[Cfrg] OpenPGP security analysis

David Wagner <daw@cs.berkeley.edu> Mon, 16 September 2002 02:38 UTC

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From: David Wagner <daw@cs.berkeley.edu>
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Date: Sat, 14 Sep 2002 22:02:16 -0700 (PDT)
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Subject: [Cfrg] OpenPGP security analysis
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I've been reading the OpenPGP RFC's, and I noticed a few areas where the
design uses some cryptographic practices that look a bit dubious to me.
I'd like to propose that we ask the ITRF Crypto Forum Research Group
(CFRG; see http://www.irtf.org/cfrg/) to help with analyzing whether
these could pose security issues in practice for OpenPGP.

In particular, I have some concerns about message integrity issues in
OpenPGP's symmetric-key encryption formats.  This issue has bitten PGP in
the past.  Witness Gary Howland's attack (Aug 1997), the "Czech attack"
(2001), and Jallad, Katz, and Schneier's attack (2002).  It has also
bitten other standards: lack of message integrity created exploitable
security holes in IPSec (e.g., Bellovin's troubling cut-and-paste attacks)
and in 802.11 WEP.  It's a subtle area where it is easy to make mistakes,
and I suggest we ask for help from the cryptographers understanding
whether this is ought to be a concern for OpenPGP.

The aforementioned attacks exploit the complete lack of message integrity
in PGP's earlier encryption formats.  The latest OpenPGP RFC (2440bis)
proposes using Hash-then-Encrypt as a defense, with an unkeyed SHA-1
hash as the MDC.  See Section 5.13 of RFC2440bis.  In other words,
the plaintext is encrypted to something like
    CFB-encrypt(random || plaintext || SHA1(plaintext)).

Unfortunately, Hash-then-Encrypt has known security weaknesses, in
general.  For instance, there is a chosen-plaintext attack that lets
you truncate a ciphertext without detection.  See, e.g.,
Other attacks are known.  See the readings below.

For this reason, the usual advice today is to use Encrypt-then-MAC (or
some other IND-CCA2-secure scheme).  Unfortunately, back in 1999 when
message integrity was discussed, people on the OpenPGP mailing list
didn't seem to realize that a MAC is needed or that an unkeyed hash
(MDC) is insufficient.  However, we've had sufficient warning of the
need for message integrity (since 1997 or so), so we might as well get
it right now.

It is not clear to me whether the weaknesses of Hash-then-Encrypt apply to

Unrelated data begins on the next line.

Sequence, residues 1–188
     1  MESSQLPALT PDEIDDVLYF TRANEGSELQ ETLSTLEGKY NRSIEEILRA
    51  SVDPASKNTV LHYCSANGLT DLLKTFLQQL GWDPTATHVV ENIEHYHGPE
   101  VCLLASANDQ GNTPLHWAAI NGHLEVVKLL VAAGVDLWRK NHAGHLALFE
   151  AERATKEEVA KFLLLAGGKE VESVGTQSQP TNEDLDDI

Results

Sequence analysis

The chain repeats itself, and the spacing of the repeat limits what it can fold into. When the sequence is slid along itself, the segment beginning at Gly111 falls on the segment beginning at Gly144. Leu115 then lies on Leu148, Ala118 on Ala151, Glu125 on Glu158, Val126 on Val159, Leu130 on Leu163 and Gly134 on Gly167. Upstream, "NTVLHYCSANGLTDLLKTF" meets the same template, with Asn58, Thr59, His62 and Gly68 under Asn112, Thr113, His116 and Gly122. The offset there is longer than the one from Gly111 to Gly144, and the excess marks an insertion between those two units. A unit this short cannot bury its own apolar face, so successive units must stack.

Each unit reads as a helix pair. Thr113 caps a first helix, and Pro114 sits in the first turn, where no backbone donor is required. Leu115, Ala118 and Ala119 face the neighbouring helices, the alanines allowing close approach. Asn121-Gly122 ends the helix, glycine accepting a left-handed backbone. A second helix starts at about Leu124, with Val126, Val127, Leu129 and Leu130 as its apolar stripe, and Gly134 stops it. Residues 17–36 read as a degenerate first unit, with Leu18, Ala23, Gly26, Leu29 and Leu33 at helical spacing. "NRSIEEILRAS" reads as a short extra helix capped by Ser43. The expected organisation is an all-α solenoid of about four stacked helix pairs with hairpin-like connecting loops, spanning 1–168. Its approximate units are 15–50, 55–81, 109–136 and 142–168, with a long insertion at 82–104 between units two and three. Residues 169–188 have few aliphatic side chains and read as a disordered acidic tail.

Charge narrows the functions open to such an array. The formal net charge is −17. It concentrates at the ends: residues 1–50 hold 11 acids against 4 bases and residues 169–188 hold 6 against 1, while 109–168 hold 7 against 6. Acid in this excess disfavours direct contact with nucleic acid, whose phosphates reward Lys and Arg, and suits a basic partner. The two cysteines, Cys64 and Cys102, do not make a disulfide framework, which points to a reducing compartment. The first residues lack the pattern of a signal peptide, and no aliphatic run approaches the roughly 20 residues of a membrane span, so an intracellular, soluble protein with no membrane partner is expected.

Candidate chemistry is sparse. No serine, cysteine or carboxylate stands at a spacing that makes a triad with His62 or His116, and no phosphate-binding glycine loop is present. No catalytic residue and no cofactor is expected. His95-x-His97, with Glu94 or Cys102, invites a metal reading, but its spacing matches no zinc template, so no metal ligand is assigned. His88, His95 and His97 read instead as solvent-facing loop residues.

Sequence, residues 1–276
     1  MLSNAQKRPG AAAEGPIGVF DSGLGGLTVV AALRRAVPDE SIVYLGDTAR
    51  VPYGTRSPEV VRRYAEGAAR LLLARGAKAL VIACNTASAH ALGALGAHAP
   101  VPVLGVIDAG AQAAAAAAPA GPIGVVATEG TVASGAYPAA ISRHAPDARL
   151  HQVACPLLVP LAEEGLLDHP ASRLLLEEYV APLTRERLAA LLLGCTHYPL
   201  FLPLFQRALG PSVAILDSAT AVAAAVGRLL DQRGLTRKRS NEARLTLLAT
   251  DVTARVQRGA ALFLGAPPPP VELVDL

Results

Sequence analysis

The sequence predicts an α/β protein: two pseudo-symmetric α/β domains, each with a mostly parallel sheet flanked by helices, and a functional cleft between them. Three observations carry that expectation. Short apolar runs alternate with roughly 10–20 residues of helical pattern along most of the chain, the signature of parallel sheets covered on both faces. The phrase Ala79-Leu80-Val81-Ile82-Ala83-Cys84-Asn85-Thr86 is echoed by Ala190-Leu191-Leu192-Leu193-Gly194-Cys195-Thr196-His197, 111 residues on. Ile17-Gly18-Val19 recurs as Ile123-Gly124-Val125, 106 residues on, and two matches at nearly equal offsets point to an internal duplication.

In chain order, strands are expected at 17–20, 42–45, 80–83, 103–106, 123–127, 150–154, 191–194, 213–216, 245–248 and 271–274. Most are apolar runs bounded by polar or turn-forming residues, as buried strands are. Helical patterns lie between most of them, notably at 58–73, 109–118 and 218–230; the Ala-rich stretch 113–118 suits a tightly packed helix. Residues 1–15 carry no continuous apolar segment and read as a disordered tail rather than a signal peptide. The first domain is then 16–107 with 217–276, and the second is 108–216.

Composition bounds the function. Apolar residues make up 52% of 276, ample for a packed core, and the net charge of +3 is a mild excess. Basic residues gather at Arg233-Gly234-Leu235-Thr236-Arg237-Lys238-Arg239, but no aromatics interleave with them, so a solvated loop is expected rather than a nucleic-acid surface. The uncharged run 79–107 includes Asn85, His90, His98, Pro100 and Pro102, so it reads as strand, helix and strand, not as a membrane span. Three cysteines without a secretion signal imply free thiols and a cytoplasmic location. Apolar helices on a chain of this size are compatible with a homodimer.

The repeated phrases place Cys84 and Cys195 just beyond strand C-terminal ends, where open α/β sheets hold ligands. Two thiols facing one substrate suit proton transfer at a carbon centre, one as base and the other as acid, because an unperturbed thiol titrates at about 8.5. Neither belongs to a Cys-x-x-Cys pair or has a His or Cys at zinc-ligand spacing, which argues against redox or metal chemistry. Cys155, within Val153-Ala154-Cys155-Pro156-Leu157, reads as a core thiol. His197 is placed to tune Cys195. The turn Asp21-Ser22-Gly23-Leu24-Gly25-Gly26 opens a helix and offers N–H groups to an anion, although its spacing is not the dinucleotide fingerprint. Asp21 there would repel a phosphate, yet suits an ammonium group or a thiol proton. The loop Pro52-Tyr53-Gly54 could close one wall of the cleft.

OpenPGP, or even if they do, whether they will have any practical impact
on OpenPGP.  It is entirely possible that OpenPGP might be perfectly safe.
However, I think this could use some further analysis.  What do you say?

Other security concerns:
  -  The receiver is not required to check that the MDC is correct.
     This could expose implementations to the JKS attack.
  -  If the received MDC is invalid, the receiver is not required
     to warn the user or to drop the packet.  This could expose
     implementations to the JKS attack.
  -  If no MDC packet is present (which should be a fatal security
     error), the receiver is allowed to ignore this.  This could
     expose implementations to the Howland or JKS attack.
These can be fixed by changing a few "SHOULD"s to "MUST"s, and I propose
making this change to the RFC.

(In addition, I noticed that in CFB mode, the last block is completely
unprotected against bit-flipping attacks.  The last block is used to
encrypt the SHA1 hash of the plaintext, and of course the SHA1 hash
is longer than the last block, so there doesn't seem to be any obvious
way to exploit this.  I don't see any attacks based on this property,
but I thought I'd point it out in case anyone else does.)

In summary, I'd like to suggest we encourage cryptographers to analyze the
new OpenPGP encryption format to analyze whether it provides sufficient
message integrity protection to prevent future attacks.

Further reading, for the interested:

Thanks for your attention.

-- David Wagner
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